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Brand New Series in The Lodge: Building a Mobile-First WordPress-Powered Artists Website

Published by Chris Coyier

I finished up a brand new series in The Lodge! It's all about building a website from scratch. My friend Jeff, the ceramic artist's website, to be specific.

It is a 40-video series that goes from a blank canvas to done. It covers every decision made, every line of code written, every pixel plotted, and every toggle toggled.

We start out how all non-personal redesigns start, with the clients desires for a new site. What drives it? What goals do they have? Can we discover any deeper themes? Can we organize and put a point on it all?

Then we look at Jeff's work and the recent changes in aesthetics to it, specifically in how he photographs it. We take queues from that in designing the new site.

Jeff is sold on the idea of a mobile-first philosophy. Not through us explaining it to him, but by merely suggesting "Hey what do you think about designing site on the phone first?" and letting him figure out the obvious advantages there.

Then we design and build build build!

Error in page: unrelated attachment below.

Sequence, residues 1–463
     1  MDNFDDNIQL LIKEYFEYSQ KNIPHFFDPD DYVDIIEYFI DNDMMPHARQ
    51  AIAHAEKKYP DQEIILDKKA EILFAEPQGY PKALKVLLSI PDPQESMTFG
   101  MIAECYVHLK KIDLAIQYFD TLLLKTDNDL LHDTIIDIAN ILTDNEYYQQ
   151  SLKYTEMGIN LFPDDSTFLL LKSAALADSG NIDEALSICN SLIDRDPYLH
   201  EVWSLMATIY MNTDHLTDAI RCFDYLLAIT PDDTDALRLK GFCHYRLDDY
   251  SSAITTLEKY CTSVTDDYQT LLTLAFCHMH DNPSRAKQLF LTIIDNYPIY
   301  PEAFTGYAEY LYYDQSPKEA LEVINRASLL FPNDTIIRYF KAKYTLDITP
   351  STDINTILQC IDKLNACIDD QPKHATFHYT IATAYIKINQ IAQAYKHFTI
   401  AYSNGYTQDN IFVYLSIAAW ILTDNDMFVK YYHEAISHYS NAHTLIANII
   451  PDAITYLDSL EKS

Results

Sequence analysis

We want to give Jeff as much control as we can, so we leverage the abilities of WordPress to be a truly customized CMS to give him that control. The slider on the homepage is controlled by "custom post types" that Jeff can add, remove, edit , and even re-order easily all through the WordPress admin area. Events are handled the same way. Not through just categorized posts or pages, but entry screens we create just for this type of content.

We finish off by making sure the site looks good on larger screens as well, even adding in additional content because we have the space to support it.

Interested? Sign up for The Lodge to watch them. If you do, you'll also have access to the 150+ video series detailing the redesign of CSS-Tricks (v10) as well!

Comments

  1. Beautiful site! But it fails gracelessly in IE8. I know IE8 is a pain, but shouldn’t sites still sort-of-almost-kinda-work in IE8 for another year or so? Or is it safe to simply ignore it?

    • me
      Permalink to comment#

      My opinion is thus:

      Screw IE<9. The only way to get past such terrible browsers is to force their users to upgrade. Maybe turn off all styling, but if you’re still using IE8, you’re probably used to sites not working.

      Ok, maybe too aggressive an attitude, but it’s what I do whenever possible.

    • As ever, it’s a site-by-site call with loads of factors involved. When I get some time I’d definitely like to go back and and least make it simple and navigable in IE 8.